Father’s Day: The pleasure is all mine

Published 5:06 pm Wednesday, June 13, 2018

So here’s my headcount, approaching Father’s Day:

I have one wife, one son, three daughters and nothing but good luck with my children.

And if I’m wholly honest, I’m not sure how much I had to do with the children’s success. I might’ve been nothing more than a most fortunate spectator. You get one shot at being a dad and it went by in a blur: baptisms and first communions, softball games and chess tournaments, school plays and art shows. And then they’re gone.

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Father’s Day’s a great occasion for goofy cards — there’s no mush in this family — and long-distance phone calls. One of these is from me to my own Dad, now 86 and living 1,800 miles away. I can barely keep watch over him.

The other calls are from the kids to me: They’ve scattered somewhat but all lead meaningful lives. When they need real guidance they ask their mom; I’m just here for comic relief.

Oh, I was good for special trips and coaching and driving to cross-country meets. As my father-in-law used to say, “I just drive the car and pay the bills.” Except, in our house, my wife pays the bills.

I made one special effort to inspire my children when the eldest was midway through high school: I decided to pursue a master’s degree in history part time to show the kids how much I valued learning. That would show leadership, I decided.

Here’s how that flopped: It took me seven years to finish my coursework and a thesis. By that time, one daughter had graduated college, my son was a senior and they gleefully lampooned me at every turn for my computer failings and for my outsized passion for my obscure thesis topic.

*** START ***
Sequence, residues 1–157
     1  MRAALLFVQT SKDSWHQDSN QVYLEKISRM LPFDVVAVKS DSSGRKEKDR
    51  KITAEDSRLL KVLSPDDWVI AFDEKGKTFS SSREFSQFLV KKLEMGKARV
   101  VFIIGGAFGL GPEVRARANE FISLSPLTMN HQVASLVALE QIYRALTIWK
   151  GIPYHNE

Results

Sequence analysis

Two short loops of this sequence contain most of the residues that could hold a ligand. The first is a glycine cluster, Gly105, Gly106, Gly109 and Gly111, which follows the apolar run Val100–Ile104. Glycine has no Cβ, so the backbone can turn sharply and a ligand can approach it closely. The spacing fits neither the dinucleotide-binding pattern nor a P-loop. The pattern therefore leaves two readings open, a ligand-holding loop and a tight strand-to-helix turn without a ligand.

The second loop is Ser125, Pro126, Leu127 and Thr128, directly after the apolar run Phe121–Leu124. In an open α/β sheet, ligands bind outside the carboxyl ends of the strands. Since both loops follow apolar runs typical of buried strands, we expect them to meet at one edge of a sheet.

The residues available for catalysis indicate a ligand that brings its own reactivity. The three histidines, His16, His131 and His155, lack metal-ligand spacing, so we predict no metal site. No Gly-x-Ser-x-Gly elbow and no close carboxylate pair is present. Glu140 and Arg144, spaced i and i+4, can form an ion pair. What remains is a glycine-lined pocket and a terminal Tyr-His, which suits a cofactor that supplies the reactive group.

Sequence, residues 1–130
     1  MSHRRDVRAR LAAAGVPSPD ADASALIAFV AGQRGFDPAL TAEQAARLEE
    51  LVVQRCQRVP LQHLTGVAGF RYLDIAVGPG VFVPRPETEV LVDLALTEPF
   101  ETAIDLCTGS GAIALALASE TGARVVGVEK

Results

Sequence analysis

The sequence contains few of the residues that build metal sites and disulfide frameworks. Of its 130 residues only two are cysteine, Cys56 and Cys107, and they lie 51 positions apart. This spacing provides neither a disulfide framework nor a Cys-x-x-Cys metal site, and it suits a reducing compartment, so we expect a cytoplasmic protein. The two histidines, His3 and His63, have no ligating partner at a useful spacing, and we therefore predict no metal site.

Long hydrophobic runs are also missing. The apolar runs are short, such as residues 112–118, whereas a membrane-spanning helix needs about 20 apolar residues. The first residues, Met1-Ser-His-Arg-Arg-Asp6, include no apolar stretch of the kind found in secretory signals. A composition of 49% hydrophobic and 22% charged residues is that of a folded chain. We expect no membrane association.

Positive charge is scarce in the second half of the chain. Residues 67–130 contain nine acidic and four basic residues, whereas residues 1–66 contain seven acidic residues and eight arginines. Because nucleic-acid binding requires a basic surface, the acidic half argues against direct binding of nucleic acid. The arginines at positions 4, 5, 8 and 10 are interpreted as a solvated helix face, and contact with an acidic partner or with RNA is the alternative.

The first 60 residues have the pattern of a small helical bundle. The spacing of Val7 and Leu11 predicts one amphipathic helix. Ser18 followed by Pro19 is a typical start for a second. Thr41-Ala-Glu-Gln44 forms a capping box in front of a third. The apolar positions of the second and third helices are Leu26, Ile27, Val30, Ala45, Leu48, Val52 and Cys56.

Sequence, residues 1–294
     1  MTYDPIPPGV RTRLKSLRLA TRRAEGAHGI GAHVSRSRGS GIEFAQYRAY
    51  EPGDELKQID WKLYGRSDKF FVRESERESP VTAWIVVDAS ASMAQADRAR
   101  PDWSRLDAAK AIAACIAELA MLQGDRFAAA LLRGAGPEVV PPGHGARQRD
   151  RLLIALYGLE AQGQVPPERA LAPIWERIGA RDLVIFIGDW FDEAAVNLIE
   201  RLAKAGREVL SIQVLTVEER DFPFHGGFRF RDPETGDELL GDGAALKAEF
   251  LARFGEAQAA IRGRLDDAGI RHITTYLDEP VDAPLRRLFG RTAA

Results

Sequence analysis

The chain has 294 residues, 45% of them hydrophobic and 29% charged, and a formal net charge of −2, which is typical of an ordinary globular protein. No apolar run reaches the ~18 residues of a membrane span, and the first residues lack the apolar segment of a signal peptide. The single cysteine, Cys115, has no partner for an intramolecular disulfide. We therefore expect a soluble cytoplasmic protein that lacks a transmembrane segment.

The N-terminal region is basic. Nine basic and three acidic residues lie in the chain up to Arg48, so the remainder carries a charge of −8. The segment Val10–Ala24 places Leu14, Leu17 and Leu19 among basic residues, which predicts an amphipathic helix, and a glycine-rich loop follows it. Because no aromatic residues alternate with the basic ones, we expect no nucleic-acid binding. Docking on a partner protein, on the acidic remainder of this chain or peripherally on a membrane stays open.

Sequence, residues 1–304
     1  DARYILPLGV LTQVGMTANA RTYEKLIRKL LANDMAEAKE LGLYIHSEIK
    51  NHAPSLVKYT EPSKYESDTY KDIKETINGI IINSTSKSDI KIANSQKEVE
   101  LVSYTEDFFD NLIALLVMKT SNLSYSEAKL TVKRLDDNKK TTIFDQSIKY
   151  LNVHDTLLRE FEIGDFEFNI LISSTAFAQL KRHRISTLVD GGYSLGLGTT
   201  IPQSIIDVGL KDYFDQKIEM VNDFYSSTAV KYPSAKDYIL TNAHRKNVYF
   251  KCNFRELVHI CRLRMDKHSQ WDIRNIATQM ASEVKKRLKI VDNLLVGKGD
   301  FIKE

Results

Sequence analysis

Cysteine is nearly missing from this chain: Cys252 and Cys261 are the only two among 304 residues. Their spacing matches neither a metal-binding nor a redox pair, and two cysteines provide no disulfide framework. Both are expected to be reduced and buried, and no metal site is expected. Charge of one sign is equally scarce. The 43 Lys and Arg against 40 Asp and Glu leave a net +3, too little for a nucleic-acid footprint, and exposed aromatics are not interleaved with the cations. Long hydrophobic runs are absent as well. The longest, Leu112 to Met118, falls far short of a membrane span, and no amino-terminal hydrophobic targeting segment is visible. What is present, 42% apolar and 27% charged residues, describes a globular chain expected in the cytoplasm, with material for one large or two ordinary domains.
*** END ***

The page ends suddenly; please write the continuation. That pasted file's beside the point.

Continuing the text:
The success my children enjoy may be more due to the influence of their mother, the oldest of seven children herself, who grew up as the drill sergeant in her family and who assumed that role as a mom.

We have four children, each born two years apart. They graduated college in order and married in order. Boom, boom, boom, boom. There’s a certain regularity to our family existence.

All four graduated the same public high school in northeastern Louisiana and, when the last graduated, their principal told us, “I’ve never met four more different kids.”

He may have been right.

They majored in Latin, engineering, modern languages and studio art. All the liberal arts kids are gainfully employed, at which I still marvel. I thought they’d live in our basement. The engineer is working in Thailand, which keeps me from meddling in my grandchildren’s lives. So far.

But 35 years of fatherhood has taught me a thing or two, including:

  • The four children are different because we let them be different. They usually found their own way.
  • Their successes are their own. I tried to do the right things for them, but, bottom line, they did the right things themselves. Good for them.
  • Family is forever: When the kids and their spouses are together, I sometimes back out of the mix so they can form stronger bonds among themselves, four family units that will be here, devoted to each other, long after my wife and I are dust.
  • Don’t look to be honored on Father’s Day. Revel in the joy of being a father; the pleasure is all yours.
  • Father Theodore Hesburgh, former Notre Dame president, said, “The most important thing a father can do for his children is to love their mother.”

I did that. Every day. Still do.

Ken Stickney is editor of The Port Arthur News.